Update for Exchange 2000 OWA denial of service
Microsoft has released an update for Exchange 2000 that fixes a denial of service possibility if Outlook Web Access (OWA) is enabled on the server. The denial of service can only be performed an authenticated user and involves repeatedly requesting a non-existant but deeply nested folder. That the user has to be authenticated, and sevral other mitigating factors, suggests this is a low risk vulnerability for most Exchange 2000 with OWA systems unless their users should be considered particularly hostile. More details and the patch download location are available from the usual place.
Gartner recommends avoiding IIS
John Pescatore, a Gartner Group analyst, has reportedly recommedned that users of Microsoft's web server software, Internet Information Server (IIS) should "investigate alternatives to IIS, including moving Web applications to Web server software from other vendors, such as iPlanet and Apache". Microsoft has responded with claims about how much more secure the next release of IIS, version 6.0, will be following an extensive rewrite of the product. However, that rewrite reputedly also includes moving some core functionality into the OS kernel via a system device driver. This raises concerns for even greater comprises, and/or the 'blue-screening' of the server should that code be buggy.
Baltimore MailSweeper does not properly filter scripts
Similar to problems reported several months ago in eSafe Gateway, Baltimore's MAILsweeper has been reported to fail to remove some specially malformed scripts embedded in HTML e-mail messages. Missing malformed scripts may not seem like much of a problem, but some web browsers, including Microsoft's Internet Explorer, are rather 'tolerant' in what they will accept, and 'correctly' interpret (and therefore run) the malformed scripts of the type MAILsweeper is claimed to miss.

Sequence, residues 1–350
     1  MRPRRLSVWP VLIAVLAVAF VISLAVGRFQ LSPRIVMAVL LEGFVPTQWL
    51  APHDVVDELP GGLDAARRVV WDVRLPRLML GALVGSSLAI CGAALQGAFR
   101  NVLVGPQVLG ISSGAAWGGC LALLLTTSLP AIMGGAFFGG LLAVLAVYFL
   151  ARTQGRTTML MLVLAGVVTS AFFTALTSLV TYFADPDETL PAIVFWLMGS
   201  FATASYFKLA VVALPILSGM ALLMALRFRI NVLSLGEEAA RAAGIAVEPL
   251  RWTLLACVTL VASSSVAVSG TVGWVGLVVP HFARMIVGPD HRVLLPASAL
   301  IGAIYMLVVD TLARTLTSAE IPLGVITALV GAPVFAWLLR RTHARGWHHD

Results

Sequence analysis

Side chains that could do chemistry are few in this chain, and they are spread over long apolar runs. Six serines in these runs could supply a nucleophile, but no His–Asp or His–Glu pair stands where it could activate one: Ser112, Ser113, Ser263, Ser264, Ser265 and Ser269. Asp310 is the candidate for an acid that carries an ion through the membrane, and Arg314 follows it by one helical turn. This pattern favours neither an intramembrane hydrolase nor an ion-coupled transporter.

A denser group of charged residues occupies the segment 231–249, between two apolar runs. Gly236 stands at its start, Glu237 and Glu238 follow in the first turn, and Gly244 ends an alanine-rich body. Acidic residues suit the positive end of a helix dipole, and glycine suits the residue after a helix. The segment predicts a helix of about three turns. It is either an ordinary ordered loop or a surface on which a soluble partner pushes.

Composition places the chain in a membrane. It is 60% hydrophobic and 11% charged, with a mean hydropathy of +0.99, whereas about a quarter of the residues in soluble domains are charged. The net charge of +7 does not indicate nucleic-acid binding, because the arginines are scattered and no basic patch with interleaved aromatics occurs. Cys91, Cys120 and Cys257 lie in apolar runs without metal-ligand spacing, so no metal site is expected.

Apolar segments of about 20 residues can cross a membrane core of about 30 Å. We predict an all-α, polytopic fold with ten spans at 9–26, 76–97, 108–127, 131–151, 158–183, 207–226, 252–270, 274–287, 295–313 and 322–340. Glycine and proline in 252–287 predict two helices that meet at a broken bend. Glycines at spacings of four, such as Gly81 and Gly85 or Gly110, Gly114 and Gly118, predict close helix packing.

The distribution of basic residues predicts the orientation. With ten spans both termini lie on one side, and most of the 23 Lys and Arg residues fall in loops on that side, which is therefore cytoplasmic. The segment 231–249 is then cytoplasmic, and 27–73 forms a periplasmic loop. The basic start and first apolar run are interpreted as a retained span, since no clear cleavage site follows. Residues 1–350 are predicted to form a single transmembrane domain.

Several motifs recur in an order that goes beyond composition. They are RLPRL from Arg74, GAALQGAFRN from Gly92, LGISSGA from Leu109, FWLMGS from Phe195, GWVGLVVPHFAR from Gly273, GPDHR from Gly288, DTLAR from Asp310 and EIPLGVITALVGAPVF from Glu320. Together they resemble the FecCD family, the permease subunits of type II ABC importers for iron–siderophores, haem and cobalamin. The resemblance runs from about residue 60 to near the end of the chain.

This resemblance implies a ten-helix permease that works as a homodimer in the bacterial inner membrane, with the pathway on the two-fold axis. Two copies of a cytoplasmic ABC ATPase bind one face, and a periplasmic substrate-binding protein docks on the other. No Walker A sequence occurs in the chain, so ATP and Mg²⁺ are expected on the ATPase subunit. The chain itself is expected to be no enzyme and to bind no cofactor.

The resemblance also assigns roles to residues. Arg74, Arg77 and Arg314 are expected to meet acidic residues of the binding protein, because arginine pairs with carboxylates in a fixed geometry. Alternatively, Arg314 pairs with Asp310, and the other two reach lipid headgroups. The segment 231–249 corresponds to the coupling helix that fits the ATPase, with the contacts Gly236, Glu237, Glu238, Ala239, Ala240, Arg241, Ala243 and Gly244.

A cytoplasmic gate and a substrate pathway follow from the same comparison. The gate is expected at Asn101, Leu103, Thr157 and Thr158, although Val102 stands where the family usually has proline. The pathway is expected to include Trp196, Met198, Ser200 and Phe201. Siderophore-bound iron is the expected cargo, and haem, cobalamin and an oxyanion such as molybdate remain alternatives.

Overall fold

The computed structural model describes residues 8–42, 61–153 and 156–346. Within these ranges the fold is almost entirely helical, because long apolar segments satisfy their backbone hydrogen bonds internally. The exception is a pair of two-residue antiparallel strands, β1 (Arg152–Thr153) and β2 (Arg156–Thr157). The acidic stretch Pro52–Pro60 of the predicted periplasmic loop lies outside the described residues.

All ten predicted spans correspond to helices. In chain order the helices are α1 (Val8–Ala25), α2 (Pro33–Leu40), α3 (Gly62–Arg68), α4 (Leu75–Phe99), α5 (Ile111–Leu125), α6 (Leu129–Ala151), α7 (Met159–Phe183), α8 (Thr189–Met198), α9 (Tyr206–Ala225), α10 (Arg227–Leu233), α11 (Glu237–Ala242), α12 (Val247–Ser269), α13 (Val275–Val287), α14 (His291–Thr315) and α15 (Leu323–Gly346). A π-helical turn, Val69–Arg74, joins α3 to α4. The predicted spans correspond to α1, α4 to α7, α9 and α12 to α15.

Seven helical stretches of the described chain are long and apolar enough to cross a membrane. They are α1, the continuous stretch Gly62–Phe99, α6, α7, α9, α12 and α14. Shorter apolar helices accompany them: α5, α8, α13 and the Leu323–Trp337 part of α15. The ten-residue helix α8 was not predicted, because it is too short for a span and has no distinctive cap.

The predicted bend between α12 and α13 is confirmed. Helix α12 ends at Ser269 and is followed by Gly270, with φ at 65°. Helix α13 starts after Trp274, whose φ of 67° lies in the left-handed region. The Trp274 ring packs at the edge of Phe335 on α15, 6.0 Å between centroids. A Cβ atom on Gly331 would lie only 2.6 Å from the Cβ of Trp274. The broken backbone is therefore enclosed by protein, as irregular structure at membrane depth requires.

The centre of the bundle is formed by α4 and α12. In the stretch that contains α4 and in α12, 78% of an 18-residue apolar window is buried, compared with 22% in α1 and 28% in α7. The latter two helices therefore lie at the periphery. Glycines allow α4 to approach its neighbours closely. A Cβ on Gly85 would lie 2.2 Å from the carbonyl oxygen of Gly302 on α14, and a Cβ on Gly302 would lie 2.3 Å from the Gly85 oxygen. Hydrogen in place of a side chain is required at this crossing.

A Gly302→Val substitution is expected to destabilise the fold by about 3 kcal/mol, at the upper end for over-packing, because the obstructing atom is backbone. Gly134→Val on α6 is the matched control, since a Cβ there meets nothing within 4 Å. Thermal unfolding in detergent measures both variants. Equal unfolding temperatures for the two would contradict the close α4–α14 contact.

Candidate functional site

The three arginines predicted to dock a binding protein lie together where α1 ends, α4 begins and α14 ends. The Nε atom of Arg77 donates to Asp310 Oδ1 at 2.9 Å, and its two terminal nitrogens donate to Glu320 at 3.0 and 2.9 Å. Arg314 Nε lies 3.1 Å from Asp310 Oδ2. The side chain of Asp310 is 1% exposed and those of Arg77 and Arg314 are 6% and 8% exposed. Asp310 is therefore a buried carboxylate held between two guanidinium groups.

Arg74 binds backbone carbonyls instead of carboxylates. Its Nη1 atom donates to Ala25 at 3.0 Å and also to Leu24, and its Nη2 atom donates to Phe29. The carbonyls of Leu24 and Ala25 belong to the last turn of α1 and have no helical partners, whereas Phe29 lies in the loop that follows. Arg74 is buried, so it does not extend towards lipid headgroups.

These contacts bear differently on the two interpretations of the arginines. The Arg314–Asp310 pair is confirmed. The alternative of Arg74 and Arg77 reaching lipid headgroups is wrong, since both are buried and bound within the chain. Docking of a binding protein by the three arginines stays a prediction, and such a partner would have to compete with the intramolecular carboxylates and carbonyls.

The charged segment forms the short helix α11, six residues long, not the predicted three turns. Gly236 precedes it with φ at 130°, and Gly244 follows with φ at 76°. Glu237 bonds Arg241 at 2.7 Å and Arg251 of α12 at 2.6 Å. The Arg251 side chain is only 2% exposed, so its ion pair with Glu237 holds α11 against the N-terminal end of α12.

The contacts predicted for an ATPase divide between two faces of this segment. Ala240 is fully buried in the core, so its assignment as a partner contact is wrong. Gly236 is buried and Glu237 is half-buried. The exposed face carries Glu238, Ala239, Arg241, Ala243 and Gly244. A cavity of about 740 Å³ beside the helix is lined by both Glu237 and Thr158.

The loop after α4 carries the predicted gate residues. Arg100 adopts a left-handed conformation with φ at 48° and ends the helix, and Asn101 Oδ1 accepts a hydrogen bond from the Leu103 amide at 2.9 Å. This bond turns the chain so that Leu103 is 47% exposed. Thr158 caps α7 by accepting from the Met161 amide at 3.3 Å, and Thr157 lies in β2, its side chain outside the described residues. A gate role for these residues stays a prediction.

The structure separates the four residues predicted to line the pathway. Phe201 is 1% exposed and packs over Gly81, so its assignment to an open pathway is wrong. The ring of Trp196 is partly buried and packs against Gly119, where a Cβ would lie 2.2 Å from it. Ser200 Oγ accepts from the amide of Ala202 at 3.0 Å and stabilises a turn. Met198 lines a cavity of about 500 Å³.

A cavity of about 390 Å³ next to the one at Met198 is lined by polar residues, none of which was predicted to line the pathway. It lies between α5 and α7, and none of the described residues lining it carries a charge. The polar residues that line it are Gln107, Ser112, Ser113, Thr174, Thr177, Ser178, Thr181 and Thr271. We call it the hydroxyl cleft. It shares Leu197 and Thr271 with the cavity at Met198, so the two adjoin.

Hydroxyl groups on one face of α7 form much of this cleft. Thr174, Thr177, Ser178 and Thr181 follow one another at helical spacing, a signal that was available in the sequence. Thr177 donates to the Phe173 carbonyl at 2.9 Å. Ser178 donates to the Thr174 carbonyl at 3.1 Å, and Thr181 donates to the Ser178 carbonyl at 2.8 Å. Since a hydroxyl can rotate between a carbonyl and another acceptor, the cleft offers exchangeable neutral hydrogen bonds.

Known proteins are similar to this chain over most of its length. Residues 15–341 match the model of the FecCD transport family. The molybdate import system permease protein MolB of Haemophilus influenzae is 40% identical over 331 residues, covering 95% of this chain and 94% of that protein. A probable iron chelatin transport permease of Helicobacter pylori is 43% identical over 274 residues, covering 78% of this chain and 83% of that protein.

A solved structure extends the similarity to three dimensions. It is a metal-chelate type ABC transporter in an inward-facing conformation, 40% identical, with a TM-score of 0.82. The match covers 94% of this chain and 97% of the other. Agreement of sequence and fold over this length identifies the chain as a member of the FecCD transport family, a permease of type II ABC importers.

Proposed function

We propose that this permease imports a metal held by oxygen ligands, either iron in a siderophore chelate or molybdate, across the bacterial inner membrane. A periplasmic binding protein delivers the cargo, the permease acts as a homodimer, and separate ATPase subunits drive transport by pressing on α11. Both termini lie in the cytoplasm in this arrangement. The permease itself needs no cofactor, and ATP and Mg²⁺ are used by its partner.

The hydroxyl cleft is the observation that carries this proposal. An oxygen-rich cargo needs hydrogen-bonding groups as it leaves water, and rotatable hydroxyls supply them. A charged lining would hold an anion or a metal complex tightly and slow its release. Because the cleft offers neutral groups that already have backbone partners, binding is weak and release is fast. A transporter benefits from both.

Patch for OpenSSH
OpenSSH v2.9.9 has been released to patch a weakness in source IP address access controlS for the SSH v2 protocol. This weakness could allow users to login from what the administrator would have expected to be disallowed IP addresses, thus circumventing site login policies. OpenSSH versions from v2.5.0 and prior to v2.9.9 contain this flaw. Whether a site running OpenSSH is vulnerable depends on the actual access controls that are employed at the site.
The bug is fixed in OpenSSH v2.9.9 which is available from the OpenSSH site linked below. Precompiled packages should be available for the popular Linux and Unix ports shortly.
Life imprisonment for US hackers?
Stringent new proposals that include the elevation of computer hacking crimes to 'acts of terrorism' carrying a mandatory life sentence are currently under consideration in the US. These are part of an attempt several commentators see as unconstitutional moves to limit basic US freedoms and are being pushed for quick adoption, riding on the coattails of the security concerns that have followed the recent terrorist attacks in the US. More details and commentary are available in the linked news articles.